Next day settlement
Next day settlementTransaction in which the contract is settled the day after the trade is executed. See: Settlement date.
Next day settlement
Regular way settlementRegular way settlement
In the money and bond markets, the standard basis on which some security trades are settled is that the delivery of the securities purchased is made against payment in Fed funds on the day following the transaction.
Rolling settlementRolling settlement
Settlement is the process by which investors pay for shares they have bought and receive payment for shares they have sold. Before July 1994, this process was done by means of an 'account period', normally ten working days. All the transactions during that period were balanced against each other to produce a single figure, which was either paid to the investor or due from him, depending on whether the value of his purchases was higher or lower than the value of his sales in the period. One of the features of the account period was that transactions taking place at the beginning of it (say, Day 1) didn't have to be settled until about 14 days later, whereas transactions at the end (say Day 10) had to be settled within 4 days.In July 1994, the account period system was replaced by ten day (T+10) rolling settlement, which means that each transaction has to be settled ten days after the transaction date. This was subsequently reduced to five days (T+5) and in February 2001 was reduced to three days (T+3).These significance of rolling settlement and of shortened settlement times is that when investors sell shares, the proceeds get paid into their account quicker, and when they buy shares they have to pay for them quicker. It requires careful money management on the part of the investor.
Dispute Settlement BodyDispute Settlement Body
The entity within the WTO that formally deals with disputes between members. It consists of all WTO members meeting together to consider reports of panels and the Appellate Body.
Settlement optionsSettlement options
The various options available to the beneficiaries of a life insurance policy in the event of the death of the insured. For example a lump sum or an income.
Settlement is what happens after your broker has bought or sold shares on your behalf. There are three aspects to it:Transfer of ownershipIf you have a nominee account with your broker, the shares you buy or sell are registered in the broker's name, and responsibility for sorting out changes of ownership rests with the broker and the registrar.If you have a certificated account, and you have sold shares, you have to send the share certificate(s) to the broker so that settlement can be effected. If you have bought shares, you will receive a share certificate from the company's registrar either direct or vis your broker.Payment when you buy sharesShare purchases have to be paid for. If your broker works on a 'cleared funds' basis, you will have to have enough money in your broker account to pay for the shares and transaction costs before you buy them. If you haven't got the money available, the broker's system will spot the deficit, and will not process the order.For offline trading, your ability to buy 'on credit' will depend on the kind of relationship you have with your broker. If you have £300 in your account and want to buy £12,000 of shares, eyebrows will be raised and you may be asked to deposit money with the broker before the order is processed.Once a broker has bought shares on your behalf, you have an obligation to supply him with funds prior to the settlement date. Most brokers will accept cheques, direct bank transfers, and debit cards. It is important to check how your broker accepts payment beforehand.Receipt of proceeds when you sell sharesWhen you sell shares, the broker will credit funds to your client account after deducting commission. It is then up to you to decide what to do with that money. You can ask your broker to send the money to your normal bank account, or you can reinvest it in the market, or you can leave it in the client account where it will earn interest.The timing of payment will depend on the settlement time of your transaction. The industry standard used to be T+5 but this changed to T+3 in February 2001. The '5' and '3' simply indicate the number of working days after the transaction date by which settlement must be complete.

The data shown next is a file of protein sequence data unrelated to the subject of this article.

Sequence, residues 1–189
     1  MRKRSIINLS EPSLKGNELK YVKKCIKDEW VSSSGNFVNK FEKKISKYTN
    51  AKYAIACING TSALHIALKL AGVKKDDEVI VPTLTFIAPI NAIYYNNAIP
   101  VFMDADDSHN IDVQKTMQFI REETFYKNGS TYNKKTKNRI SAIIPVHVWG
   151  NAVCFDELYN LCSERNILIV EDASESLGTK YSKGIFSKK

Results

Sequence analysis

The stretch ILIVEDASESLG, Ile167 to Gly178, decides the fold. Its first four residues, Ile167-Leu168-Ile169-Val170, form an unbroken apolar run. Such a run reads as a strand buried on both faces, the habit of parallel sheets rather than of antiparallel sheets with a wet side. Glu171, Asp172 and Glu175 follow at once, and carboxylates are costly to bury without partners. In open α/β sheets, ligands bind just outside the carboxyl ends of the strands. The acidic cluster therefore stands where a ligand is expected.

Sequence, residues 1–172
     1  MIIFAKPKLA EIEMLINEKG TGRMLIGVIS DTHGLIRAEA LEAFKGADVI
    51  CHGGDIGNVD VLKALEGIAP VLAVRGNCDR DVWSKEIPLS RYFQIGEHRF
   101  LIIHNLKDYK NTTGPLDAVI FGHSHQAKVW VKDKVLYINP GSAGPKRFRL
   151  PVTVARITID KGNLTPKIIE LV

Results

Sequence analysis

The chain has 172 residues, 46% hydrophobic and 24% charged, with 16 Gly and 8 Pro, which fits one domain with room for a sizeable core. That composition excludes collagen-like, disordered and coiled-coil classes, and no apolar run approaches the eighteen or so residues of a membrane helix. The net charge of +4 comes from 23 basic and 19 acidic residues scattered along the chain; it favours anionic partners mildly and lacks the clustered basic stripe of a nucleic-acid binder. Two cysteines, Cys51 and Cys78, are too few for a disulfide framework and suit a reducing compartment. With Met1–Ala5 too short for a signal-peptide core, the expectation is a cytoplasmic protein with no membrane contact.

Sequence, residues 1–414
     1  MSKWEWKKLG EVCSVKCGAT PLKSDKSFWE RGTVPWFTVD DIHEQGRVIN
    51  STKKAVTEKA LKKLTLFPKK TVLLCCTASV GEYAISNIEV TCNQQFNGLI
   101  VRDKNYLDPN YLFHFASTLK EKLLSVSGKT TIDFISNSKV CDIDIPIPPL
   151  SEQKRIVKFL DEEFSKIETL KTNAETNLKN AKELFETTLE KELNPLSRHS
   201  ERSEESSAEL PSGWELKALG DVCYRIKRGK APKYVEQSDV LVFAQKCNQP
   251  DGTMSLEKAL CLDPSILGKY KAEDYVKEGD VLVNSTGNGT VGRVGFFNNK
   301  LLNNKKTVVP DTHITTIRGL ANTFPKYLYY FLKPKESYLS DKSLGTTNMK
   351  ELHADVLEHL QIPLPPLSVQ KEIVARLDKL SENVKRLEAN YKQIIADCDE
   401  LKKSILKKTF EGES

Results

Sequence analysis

Further SuggestionsCash Settlement
Bank for International Settlements
Bank for International Settlements (BIS)
Dispute settlement mechanism
Continuous net settlement (CNS)
Uniform Settlement Statement
Exchange Delivery Settlement Price
Skip day settlement
Cash sale or settlement
Cash settlement contracts
Same Day Funds Settlement (SDFS)
Real Estate Settlement Procedures Act (RESPA)
Exercise settlement amount